'Super-Sizing' America's Kids

Obesity, young obese man
AP / CBS
Our sodas and fries aren't the only things being super-sized these days: children are too.

Childhood obesity has become a national health problem. And, obesity expert Kelly Brownell believes that at least some of the blame rests with the food industry itself.

He writes about it in his new book, "Food Fight: The Inside Story of the Food Industry, America's Obesity Crisis, and What We Can Do About It."

Brownell visited The Early Show on Thursday to discuss the problem of childhood obesity.

Brownell is concerned with the problem of obesity as it affects everyone in the country, but he believes Americans need to focus on the problems of childhood obesity. He says preventing obesity in childhood and protecting children from the "bad food environment" should be the nation's priority.

Brownell says because there is so much bias and discrimination against overweight people in the United States, this high-risk group of people has been neglected until recently.

Brownell maintains that personal responsibility for obesity only goes so far. He says you can implore people to eat better and lose weight, but it's not a solution to the problem.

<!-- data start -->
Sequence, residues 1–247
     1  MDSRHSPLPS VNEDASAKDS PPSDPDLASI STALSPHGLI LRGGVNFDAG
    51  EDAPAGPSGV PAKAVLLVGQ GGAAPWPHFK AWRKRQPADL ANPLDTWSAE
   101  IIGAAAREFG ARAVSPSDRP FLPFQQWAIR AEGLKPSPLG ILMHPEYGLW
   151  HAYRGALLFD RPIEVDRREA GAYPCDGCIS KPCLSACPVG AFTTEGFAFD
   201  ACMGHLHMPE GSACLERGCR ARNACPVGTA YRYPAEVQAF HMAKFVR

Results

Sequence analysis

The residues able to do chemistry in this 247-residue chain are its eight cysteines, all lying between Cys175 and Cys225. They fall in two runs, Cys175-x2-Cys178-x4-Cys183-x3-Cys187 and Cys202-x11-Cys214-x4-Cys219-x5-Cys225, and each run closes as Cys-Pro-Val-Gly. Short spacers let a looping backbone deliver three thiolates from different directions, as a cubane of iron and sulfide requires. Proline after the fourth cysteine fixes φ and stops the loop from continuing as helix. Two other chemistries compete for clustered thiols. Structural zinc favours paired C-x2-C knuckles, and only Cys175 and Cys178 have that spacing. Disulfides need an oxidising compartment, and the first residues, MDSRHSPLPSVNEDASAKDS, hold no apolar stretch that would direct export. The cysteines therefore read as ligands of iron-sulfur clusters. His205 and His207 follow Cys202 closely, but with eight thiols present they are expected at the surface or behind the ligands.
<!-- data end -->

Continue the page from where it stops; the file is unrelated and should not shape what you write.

The author believes America is a "toxic environment," which is partly responsible for the bulge in children. He explains food is everywhere. Brownell points to snack and soda machines installed in schools, drive-in windows, gas stations and drug stores as part of the problem.

Children are also bombarded by food advertisements — causing parents to have less influence on their kids, according to Brownell.

Brownell says genetics are also important in determining a child's tendency toward obesity. He explains most are "able" to gain weight, and in a really bad food environment that genetic predisposition will cause people to do so.

To help find a solution to the obesity problem, Brownell suggests schools serve healthy and correct portions of food to children. Also, he recommends regulations on unhealthy food advertisements aimed at kids.

Read an excerpt from "Food Fight":

Big Food, Big Money, Big People

It came quickly, with little fanfare, and was out of control before the nation noticed. Obesity, diabetes, and other diseases caused by poor diet and sedentary lifestyle now affect the health, happiness, and vitality of millions of men, women, and, most tragically, children and pose a major threat to the health care resources of the United States. Most alarming has been the national inaction in the face of crisis, the near-total surrender to a powerful food industry, and the lack of innovation in preventing further havoc.

The Centers for Disease Control and Prevention (CDC) labels the obesity problem an "epidemic." Within the United States, 64.5 percent of Americans are either overweight or obese, with the number growing. For many reasons, some obvious and some not, the increase in overweight children is twice that seen in adults.